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skins, which a man in Toronto had agreed to buy. I had stopped at Markham to feed the horses. That was in the days of the `Markham gang' and Markham had a bad name. Consequently while waiting in the hotel until my horses were through feeding, I kept my eye on my sleigh. But a cutter drove up alongside as I watched, my skins were whisked into it and the rig was out of sight before I could pursue."

This reference to the wolf skins naturally brought up hunting stories, and once Mr. McFadyen got started on this line the stories came thick and fast.

"When father killed the steer we had secured in exchange for one of our horses, lie found it necessary to go to a neighbour's for salt with which to cure the meat. When on his way back, and in the middle of the `big swamp' of Thorah, there was a sudden and terrific howling from a pack of wolves—a howling that seemed to make the woods fairly tremble. Father dropped the salt and ran back to the neighbour's, where he stayed all night. When he returned to the place where he had dropped the bag, he found the ground tramped up as if a herd of cattle had passed by. There must have been a large number of wolves in that pack.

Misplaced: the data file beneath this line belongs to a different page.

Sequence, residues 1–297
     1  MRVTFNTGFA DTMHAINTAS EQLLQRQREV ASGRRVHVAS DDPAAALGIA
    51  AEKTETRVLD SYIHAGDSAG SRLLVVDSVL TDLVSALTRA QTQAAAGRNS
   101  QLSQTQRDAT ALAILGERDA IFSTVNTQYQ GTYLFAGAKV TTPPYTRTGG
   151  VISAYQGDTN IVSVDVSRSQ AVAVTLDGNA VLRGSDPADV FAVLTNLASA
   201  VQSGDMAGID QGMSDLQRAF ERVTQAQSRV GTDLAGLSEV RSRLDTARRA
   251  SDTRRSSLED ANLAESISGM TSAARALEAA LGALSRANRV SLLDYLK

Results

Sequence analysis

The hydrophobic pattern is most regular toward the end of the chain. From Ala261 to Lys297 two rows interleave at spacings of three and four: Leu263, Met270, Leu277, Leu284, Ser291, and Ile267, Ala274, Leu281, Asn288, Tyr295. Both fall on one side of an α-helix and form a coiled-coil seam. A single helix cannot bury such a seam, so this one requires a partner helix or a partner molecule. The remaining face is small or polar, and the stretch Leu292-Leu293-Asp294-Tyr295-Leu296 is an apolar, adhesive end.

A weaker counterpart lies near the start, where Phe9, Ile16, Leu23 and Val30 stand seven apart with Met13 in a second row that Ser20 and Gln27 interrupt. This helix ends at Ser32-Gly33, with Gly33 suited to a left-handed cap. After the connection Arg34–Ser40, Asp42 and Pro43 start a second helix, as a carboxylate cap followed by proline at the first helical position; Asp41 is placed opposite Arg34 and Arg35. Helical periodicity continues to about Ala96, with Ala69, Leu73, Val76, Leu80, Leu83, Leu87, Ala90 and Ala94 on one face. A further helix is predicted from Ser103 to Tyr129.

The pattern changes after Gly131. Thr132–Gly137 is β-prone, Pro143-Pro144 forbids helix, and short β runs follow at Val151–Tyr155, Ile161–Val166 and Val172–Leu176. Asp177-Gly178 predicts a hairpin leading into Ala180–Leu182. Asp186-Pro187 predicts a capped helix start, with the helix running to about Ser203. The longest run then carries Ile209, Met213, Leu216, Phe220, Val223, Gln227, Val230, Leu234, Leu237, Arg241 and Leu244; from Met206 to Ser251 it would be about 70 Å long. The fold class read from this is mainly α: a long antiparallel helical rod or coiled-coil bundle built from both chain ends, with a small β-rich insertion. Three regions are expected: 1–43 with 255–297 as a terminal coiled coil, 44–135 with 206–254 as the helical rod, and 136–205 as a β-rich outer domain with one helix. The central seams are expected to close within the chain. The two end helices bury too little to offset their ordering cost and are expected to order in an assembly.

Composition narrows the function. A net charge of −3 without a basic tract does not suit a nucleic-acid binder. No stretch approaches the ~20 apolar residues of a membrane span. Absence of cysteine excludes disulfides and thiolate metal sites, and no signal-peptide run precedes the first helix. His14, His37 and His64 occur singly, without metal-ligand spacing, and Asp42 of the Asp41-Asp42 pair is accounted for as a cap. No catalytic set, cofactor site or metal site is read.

"The wolves were particularly destructive on domestic animals. A three-year-old steer belonging to the McMillans was pulled down in a swampy place, and all of the animal eaten except the portion under water. No less than eighteen sheep belonging to us were killed in one night.

"In order to check the marauders I bought a trap and caught one wolf with it. I set it

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